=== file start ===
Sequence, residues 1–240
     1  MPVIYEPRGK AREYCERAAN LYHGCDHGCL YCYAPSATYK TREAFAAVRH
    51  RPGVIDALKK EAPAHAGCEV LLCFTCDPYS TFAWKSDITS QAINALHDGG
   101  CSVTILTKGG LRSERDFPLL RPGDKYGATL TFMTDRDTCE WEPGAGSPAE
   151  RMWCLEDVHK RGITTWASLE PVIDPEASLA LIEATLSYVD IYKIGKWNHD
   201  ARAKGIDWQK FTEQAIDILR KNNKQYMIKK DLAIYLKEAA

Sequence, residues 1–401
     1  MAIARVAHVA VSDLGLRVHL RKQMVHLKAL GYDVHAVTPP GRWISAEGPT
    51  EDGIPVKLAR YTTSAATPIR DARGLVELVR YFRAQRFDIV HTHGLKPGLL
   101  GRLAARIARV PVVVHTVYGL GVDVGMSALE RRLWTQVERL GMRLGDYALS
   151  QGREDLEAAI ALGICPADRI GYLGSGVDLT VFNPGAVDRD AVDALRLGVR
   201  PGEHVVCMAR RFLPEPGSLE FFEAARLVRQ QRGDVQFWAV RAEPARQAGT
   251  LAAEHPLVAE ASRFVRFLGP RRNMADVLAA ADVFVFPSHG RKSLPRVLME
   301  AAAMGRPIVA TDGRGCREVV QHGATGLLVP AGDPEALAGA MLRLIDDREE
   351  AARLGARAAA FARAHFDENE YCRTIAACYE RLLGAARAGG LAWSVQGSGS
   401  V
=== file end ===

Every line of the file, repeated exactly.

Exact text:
Sequence, residues 1–240
     1  MPVIYEPRGK AREYCERAAN LYHGCDHGCL YCYAPSATYK TREAFAAVRH
    51  RPGVIDALKK EAPAHAGCEV LLCFTCDPYS TFAWKSDITS QAINALHDGG
   101  CSVTILTKGG LRSERDFPLL RPGDKYGATL TFMTDRDTCE WEPGAGSPAE
   151  RMWCLEDVHK RGITTWASLE PVIDPEASLA LIEATLSYVD IYKIGKWNHD
   201  ARAKGIDWQK FTEQAIDILR KNNKQYMIKK DLAIYLKEAA

Sequence, residues 1–401
     1  MAIARVAHVA VSDLGLRVHL RKQMVHLKAL GYDVHAVTPP GRWISAEGPT
    51  EDGIPVKLAR YTTSAATPIR DARGLVELVR YFRAQRFDIV HTHGLKPGLL
   101  GRLAARIARV PVVVHTVYGL GVDVGMSALE RRLWTQVERL GMRLGDYALS
   151  QGREDLEAAI ALGICPADRI GYLGSGVDLT VFNPGAVDRD AVDALRLGVR
   201  PGEHVVCMAR RFLPEPGSLE FFEAARLVRQ QRGDVQFWAV RAEPARQAGT
   251  LAAEHPLVAE ASRFVRFLGP RRNMADVLAA ADVFVFPSHG RKSLPRVLME
   301  AAAMGRPIVA TDGRGCREVV QHGATGLLVP AGDPEALAGA MLRLIDDREE
   351  AARLGARAAA FARAHFDENE YCRTIAACYE RLLGAARAGG LAWSVQGSGS
   401  V